Friday, October 01, 2010

A Memory Between Us by Sarah Sundin

A Memory Between Us by Sarah Sundin
Book 2 in the Wings of Glory series (stands alone fine)
Copyright 2010
Revell - Historical Fiction/Christian/Romance
439 pages, incl. discussion questions

Jack turned right onto Abbey Gate Street, where window boxes teemed with flowers in defiance of the war. Whatever made Hitler think he could defeat the British?

Levitski pulled the mixture control lever on the center console. "Engine three off. Booster off."
Jack turned the ignition switch on the console. "Engine three off."
"Cowl flaps closed."
"Throttle closed. Harv, when you've got a moment, transfer fuel from three to two."
"When I've got a moment? Tell that to Jerry." Harv swung his guns overhead after a yellow-nosed Fw 190.
Jack looked outside. Chaos. Fighters in every direction, hundreds of them. Forts lagging and tumbling, fighters in flames, white American parachutes and brown German ones.

Lieutenant Ruth Doherty has a past and can't forgive herself for the mistakes she's made. Major Jack Novak has his own problems, but he's a man who loves a challenge and Ruth is one army nurse who is about as challenging as they come. Laid up in the hospital after he's wounded in battle, pilot Jack sets a goal to win Ruth over. But, he has no idea what he's up against. Ruth is single-minded, working hard to send money home to her orphaned siblings and not interested in dating because of her damaged past. And, yet, she's never felt more comfortable with any other man.

As WWII escalates and the casualties grow, they need each other even more. But, can Jack overcome his own battle with pride and admit what he wants to do with his life to both his father and himself? And, will Ruth ever let her guard down? Or will the war separate them, forever?

Well, gosh. I just realized how complicated this book is. First of all, there's the WWII backdrop. Jack is pilot of a B-17 Flying Fortress in the U.S. Eight Air Force, stationed in England. WWII is one of my favorite historical time periods and I particularly love England as a setting, so that was the main reason I wanted to read this book. Against this war backdrop is a romance that seems impossible to overcome. The hero is, shall we say, a little on the cocky side? And, the heroine is a wreck. Ruth is determined never to marry or even date. Kissing throws her into total panic. Jack really throws her for a loop.

The seemingly impossible romance between Ruth and Jack takes place over a span of a little over a year, but during that time a lot happens. Jack and Ruth keep things platonic for a while, but now and then he's overcome with the urge to kiss her and Ruth goes ballistic. There is the usual black moment that one finds in every romance and it's a big one. I won't spoil it, but it was a bad enough black moment that I thought Ruth would be crazy to ever have anything to do with Jack, again. But, then, Ruth was a competent nurse but, emotionally, a little off her rocker so . . . lets just cut to the chase.

What I liked about A Memory Between Us:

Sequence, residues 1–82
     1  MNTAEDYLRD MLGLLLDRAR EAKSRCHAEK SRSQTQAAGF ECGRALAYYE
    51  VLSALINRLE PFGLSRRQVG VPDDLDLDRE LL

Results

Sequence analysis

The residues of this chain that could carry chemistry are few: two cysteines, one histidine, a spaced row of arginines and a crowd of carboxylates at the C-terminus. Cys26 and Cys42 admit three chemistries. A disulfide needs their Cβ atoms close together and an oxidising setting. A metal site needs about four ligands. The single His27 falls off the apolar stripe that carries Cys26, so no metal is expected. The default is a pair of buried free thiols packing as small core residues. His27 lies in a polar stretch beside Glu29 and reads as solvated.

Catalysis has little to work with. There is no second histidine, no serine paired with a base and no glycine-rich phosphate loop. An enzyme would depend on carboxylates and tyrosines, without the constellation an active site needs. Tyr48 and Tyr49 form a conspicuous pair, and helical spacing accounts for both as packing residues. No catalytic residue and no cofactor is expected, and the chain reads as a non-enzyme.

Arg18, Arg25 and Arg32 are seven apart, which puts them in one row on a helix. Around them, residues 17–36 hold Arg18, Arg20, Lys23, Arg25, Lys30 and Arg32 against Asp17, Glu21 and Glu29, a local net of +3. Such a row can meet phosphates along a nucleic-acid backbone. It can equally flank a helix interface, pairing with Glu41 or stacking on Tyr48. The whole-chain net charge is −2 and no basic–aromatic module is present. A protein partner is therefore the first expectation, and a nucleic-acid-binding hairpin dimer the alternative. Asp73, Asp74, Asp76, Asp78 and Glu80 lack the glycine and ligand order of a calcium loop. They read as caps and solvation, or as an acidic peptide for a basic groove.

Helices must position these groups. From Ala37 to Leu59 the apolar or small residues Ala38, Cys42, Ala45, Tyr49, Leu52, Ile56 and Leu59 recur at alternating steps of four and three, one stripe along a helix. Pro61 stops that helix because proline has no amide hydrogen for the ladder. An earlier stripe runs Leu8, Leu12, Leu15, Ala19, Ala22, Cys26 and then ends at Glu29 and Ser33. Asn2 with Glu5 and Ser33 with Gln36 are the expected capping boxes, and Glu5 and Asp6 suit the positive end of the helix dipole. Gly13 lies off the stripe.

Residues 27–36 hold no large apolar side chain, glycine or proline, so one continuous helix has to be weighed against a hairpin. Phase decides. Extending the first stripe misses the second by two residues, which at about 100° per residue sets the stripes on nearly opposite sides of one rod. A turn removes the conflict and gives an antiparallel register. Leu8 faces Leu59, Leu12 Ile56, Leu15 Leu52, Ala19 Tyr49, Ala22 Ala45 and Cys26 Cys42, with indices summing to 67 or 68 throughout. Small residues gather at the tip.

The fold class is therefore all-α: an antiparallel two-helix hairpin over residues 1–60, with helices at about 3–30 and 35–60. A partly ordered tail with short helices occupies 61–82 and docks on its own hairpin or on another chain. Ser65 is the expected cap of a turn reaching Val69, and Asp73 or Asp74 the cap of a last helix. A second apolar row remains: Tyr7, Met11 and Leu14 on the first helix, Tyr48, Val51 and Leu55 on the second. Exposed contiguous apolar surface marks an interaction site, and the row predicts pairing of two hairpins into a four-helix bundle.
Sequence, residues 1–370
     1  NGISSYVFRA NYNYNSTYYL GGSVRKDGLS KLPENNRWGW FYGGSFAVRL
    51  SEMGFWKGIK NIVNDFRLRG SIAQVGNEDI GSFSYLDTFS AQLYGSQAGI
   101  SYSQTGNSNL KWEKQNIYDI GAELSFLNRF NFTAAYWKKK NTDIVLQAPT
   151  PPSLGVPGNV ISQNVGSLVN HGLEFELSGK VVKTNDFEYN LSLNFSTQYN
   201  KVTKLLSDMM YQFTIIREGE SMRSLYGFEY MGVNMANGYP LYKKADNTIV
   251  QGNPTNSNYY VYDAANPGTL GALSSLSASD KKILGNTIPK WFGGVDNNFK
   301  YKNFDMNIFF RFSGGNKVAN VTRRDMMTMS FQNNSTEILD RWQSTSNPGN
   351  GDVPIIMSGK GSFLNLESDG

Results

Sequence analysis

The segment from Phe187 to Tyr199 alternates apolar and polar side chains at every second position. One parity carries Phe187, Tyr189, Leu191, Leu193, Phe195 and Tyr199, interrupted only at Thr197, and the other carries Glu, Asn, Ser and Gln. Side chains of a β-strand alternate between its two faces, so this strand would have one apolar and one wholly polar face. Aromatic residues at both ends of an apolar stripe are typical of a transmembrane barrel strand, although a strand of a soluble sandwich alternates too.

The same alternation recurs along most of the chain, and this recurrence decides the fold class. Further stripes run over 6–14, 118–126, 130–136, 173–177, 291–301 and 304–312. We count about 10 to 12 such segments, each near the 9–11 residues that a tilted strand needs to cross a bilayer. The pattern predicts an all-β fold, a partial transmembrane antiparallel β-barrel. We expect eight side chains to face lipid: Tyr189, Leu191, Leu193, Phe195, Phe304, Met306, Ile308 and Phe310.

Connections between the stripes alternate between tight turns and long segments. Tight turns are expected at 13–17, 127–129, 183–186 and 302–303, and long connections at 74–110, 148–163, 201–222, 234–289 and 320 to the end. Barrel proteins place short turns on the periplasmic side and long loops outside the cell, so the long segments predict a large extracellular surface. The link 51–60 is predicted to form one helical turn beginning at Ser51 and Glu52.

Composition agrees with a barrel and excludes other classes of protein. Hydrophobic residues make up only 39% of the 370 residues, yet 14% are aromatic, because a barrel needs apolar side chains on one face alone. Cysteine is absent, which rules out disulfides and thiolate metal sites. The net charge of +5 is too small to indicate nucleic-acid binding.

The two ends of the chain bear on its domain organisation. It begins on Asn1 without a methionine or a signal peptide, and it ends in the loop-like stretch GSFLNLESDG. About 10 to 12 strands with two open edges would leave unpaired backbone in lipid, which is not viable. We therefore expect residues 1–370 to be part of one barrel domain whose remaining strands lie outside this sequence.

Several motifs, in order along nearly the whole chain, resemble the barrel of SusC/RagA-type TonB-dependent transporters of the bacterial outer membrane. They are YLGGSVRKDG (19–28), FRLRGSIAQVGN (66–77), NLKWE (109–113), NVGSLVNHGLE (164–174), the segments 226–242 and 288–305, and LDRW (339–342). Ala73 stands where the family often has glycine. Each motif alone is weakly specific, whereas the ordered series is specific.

I loved the historical setting. I thought the author did a pretty good job of giving you that "I was there" sense during the battle scenes,when Jack was flying. I absolutely adored the author's sense of humor; there were loads of light, smile-inducing, clever moments. I loved the nursing scenes, especially when Ruth shifted to a different job. I liked the friendships Ruth and Jack had on the side and how those developed and went through ups and downs. And, while I can't say whether or not the author's battle scenes were accurate, I thought they were suitably tense and mostly believable.

What I disliked about A Memory Between Us:

Ruth had an excellent reason to fear intimacy but I thought the thing she considered her "sin" was not sinful at all. I couldn't understand why anyone would consider what she did unforgiveable. However, I did understand that she was seriously damaged by a horrible experience. I just thought the focus was a little strange and it could have been more believable if handled a slightly different way. That is, of course, merely my humble opinion.

Jack's sin? Sigh. Same thing. I think he had a dilemma he needed to work through about his life and he did make a very serious error in judgment because of something horrible that happened in his past. But, the repetition of the word "pride" just drove me nuts. I thought he was cocky and a little arrogant; occasional use of slightly different wording might have helped.

In general:

A Memory Between Us is heavily focused on the romance and yet there are plenty of other things happening to the main characters when they're apart. So, you get plenty of time reading about Ruth's experiences as a nurse and her frustrations when she's paired with a good-looking but lecherous man during her training for a new job to earn more money for her siblings (reading about that new job is particularly fun because it's so interesting). And, Jack's arrogance isn't just the cause of the "black moment". It causes trouble with his best friend and may get in the way of his attempt at promotion if he doesn't get his act together. With the war going on, Ruth and Jack are thrown together, torn apart, thrown together. I found that surprisingly believable.